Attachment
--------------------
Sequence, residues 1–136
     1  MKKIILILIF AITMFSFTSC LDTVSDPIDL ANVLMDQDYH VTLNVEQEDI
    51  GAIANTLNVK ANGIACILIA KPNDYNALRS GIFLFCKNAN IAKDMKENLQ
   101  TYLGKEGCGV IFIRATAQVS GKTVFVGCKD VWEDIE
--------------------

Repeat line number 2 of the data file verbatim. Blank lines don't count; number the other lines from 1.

     1  MKKIILILIF AITMFSFTSC LDTVSDPIDL ANVLMDQDYH VTLNVEQEDI